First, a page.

Life on bikes

Moped Justice Part 2: Ramming is justified and long overdue

In Moped Justice Part 2, Biker & Bike Editor Ian Malone argues that the use of aggressive stop tactics is wholly justified and should have been implemented sooner.

See the previous article, Moped Justice Part 1: The police are wrong to ram 

It’s fair to say there were raised eyebrows here at B&B towers when Kevin Turner suggested we needed to think again about the new Met Police policy of using ‘ramming’ tactics to bring moped-riding criminals to a stop.

Like 98% of bikers surveyed, many of us in the Biker & Bike family felt the policy was justified. If it had been implemented back in 2014, there would be no moped-enabled crimewave that has seen so many of our bikes stolen and insurance made unaffordable in many postcodes. We shouldn’t have to ride in fear of a bike-jacking. Or of having our motorcycle taken unless we use three-disc locks and a heavyweight chain every time we ride to work or park outside a cafe.

In his article, Kev appreciates his view isn’t going to be popular, but thank God he has the balls to say it anyway because, as bikers, we do need to think about this new policy beyond just saying ‘get in!’ Here’s the thing: He makes some superb, well-considered points, but I can’t agree with him.

How else do we stop them?

You don’t need to be a weepy-eyed liberal or aubergine-munching leftie to see that Diane Abbott has got a point, no matter how unpopular it might be. No motorcycle is worth more than a human life.

But these feral youths – who are prepared to use knives, acid and in one instance a gun to take our bikes from us – they need to be stopped. And how else can you do that when they live in fear of absolutely no one?

Reduce your motorcycle insurance premiums

I’m old enough to remember a time when The Met had a fearsome reputation, first being bussed-in to wade into Yorkshire’s miners during the infamous strikes of the ’80s, and then personally being on the end of a completely unjustified truncheon attack when walking away from London’s Poll Tax Demo back in 1990. Nobody messed with The Met, period.

That reputation disappeared when The Met had to reign its ’shock and awe’ methods. Bye-bye Special Patrol Group. So I’m not so sure that using ramming and other aggressive stop tactics is a PR stunt, although it’s not escaped my notice that the video footage was released on the same day MP’s were meant to be voting on giving police officers more protection under the law. Maybe it was supposed to be a not-so-subtle call for the rabid right wing to do their duty and make sure the now delayed Emergency Response Drivers (Protections) Bill made it into law?

If it was, it’s a bit over the top. Only an idiot would vote against having the law amended so that police offers are given exemption from prosecution if they have to drive outside the standard of ‘careful and competent’ to stop someone driving dangerously. It never made any sense at all to prosecute an officer under those conditions, but many officers have suffered exactly that fate. Yet one officer is now under threat of investigation following the release of the Met’s video footage last week.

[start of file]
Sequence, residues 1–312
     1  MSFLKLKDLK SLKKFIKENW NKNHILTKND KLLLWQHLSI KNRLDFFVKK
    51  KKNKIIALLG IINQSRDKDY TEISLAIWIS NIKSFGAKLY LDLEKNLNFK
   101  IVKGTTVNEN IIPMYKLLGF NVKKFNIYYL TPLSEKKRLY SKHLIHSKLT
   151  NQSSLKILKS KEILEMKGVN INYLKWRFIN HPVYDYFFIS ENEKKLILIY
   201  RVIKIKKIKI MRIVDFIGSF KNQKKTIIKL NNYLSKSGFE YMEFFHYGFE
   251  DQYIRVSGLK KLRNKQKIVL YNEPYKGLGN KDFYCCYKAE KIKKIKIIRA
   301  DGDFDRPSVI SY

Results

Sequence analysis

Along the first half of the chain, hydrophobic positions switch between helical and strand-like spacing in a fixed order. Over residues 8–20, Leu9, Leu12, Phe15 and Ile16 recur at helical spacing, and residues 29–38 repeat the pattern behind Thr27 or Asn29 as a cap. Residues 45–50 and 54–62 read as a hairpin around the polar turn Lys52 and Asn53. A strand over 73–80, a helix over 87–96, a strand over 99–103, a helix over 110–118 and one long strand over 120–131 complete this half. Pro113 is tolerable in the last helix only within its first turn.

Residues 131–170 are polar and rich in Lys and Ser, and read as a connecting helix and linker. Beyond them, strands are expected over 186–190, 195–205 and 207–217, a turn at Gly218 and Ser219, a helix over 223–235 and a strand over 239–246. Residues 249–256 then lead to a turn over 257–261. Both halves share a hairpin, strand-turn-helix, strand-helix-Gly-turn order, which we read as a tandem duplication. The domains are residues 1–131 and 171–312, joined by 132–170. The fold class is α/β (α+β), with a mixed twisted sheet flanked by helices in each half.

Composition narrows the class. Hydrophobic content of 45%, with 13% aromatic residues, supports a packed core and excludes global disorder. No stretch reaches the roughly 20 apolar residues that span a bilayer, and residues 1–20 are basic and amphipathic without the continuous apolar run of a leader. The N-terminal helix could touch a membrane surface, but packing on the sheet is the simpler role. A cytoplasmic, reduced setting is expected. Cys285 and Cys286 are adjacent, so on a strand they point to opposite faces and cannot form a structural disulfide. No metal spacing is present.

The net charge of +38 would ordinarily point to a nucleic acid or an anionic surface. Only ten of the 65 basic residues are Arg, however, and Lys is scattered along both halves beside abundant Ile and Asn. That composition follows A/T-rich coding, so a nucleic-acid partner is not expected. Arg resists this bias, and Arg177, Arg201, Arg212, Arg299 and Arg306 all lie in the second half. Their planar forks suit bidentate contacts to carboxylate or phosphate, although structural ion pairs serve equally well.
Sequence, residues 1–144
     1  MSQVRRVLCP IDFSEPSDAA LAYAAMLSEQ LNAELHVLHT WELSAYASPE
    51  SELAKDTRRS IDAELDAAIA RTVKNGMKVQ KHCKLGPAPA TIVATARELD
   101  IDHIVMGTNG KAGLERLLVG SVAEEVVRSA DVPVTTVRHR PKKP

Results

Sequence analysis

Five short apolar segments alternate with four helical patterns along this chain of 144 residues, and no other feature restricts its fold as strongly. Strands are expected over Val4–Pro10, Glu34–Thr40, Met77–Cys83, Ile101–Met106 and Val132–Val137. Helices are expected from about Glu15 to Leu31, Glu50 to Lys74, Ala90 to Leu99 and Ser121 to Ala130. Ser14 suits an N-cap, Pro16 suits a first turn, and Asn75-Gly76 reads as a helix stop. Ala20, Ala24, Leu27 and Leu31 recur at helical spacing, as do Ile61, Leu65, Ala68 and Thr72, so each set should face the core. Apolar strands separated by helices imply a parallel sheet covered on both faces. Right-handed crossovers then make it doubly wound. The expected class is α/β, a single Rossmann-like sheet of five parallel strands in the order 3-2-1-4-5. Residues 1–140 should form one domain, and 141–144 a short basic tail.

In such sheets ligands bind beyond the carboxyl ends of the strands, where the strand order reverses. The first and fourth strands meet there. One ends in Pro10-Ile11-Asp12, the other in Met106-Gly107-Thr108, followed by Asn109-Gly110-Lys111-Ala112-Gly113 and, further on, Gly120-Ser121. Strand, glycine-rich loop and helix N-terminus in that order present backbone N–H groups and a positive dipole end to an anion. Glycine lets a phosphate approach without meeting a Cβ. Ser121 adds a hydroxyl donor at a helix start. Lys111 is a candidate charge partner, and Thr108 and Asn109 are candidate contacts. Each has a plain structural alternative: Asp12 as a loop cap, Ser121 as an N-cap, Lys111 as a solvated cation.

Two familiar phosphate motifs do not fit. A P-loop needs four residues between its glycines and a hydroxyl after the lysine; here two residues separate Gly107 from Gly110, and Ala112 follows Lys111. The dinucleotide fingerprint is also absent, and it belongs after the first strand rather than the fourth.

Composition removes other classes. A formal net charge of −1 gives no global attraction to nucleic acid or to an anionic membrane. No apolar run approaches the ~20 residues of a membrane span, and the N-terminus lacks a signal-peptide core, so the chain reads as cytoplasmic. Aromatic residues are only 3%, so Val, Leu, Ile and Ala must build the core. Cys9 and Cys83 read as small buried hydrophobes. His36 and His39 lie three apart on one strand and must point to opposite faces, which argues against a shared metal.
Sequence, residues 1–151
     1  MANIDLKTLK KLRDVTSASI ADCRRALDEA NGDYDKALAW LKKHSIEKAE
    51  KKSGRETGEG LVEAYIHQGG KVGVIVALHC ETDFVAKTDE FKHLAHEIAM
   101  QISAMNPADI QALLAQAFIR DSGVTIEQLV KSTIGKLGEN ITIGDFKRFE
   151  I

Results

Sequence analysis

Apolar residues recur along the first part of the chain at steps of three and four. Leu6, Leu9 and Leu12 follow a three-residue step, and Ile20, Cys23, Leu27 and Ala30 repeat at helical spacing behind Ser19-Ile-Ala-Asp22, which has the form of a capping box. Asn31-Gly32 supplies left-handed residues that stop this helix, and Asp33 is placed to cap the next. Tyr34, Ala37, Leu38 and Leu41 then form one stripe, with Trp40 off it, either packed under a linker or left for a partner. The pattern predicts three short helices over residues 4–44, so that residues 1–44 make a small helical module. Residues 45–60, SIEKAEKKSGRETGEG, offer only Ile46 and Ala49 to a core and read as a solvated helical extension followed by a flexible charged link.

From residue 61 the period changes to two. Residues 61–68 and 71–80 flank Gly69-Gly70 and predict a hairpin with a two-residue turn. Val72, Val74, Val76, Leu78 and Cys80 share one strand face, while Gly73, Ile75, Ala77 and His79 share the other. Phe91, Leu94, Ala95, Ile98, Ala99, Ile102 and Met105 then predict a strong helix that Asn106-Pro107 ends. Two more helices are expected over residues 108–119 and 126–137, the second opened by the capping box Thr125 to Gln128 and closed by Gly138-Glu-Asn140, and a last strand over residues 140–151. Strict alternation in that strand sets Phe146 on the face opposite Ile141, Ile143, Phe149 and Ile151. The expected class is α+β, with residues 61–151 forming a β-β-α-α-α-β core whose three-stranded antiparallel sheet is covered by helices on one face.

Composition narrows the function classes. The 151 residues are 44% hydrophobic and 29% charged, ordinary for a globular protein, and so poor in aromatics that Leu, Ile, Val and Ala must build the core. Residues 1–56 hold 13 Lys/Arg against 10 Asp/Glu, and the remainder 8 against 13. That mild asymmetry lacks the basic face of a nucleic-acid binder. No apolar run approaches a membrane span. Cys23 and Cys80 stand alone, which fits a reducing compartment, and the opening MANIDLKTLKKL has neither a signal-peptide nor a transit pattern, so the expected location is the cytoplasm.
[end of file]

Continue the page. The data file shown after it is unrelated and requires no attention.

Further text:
Taking the vote into account, you could see the releasing of the video as being the act of a police force really struggling to deal with an issue – especially so when they police the capital’s 600 square miles with 20,000 fewer officers than a decade ago. Perhaps it’s not The Met waving their wangers around (well, maybe a bit). Maybe, after a long period of being beaten down to servitude by the politicians, it’s actually an act of desperation?



We need the moped-riding criminal rats to live in fear

Perhaps Kev is right and this is also about dishing out punishment. Thanks to an impotent criminal justice system, the fear of incarceration simply does not exist for a moped criminal – we’ve seen them say as much on video. If you are male and under 24 there is very little chance of you receiving a custodial sentence. The criminals know this and exploit the fact to maximum advantage, with some young men being arrested up to 80 times without going to prison. 

Is there a fear of injury? Possibly, but when you see the way they ride, weaving in and out of traffic at high speed with no more protection than a pair of chav-approved trainers, you know they perhaps aren’t that bothered about picking up the odd fractured skull or broken foot.

 

 

I’m not sure they’re too bothered about death either – I reckon many of them just don’t care. When your own life is so worthless, working out of a sink estate for a gang leader who barely knows your name, many of them would arguably welcome an easy out from their shitty lives.

Fear of embarrassment, that’s another matter. Showing off stealing a high-end Ducati is almost a badge of honour for these people. Being shown up by someone who is clearly a more skilled driver than them isn’t something they want spread around Snapchat. Remember ‘Omar’ and his ’nee-nar’ antics? I bet he wouldn’t be so keen on releasing videos of himself being pranged up the arse by a blue and white Three Series.

I don’t see this as the police handing out on-street punishment. Instead, I see it as the Met introducing fear. And I need thieves to be afraid of something because their actions mean I’m forced to live in fear.

Thanks to the current situation, I cannot leave my ride outside of my home. I cannot get insurance that would permit it, so I have to leave my bike in a lock-up garage four miles from my home. And every time I get the train up there and approach the row of garages I have to deal with the idea that my lock-up’s door will have been ripped open. I should not have to live with that fear. I should be able to park outside my home without worrying about some criminal helping themselves to the motorcycle I work so long and so hard to pay for.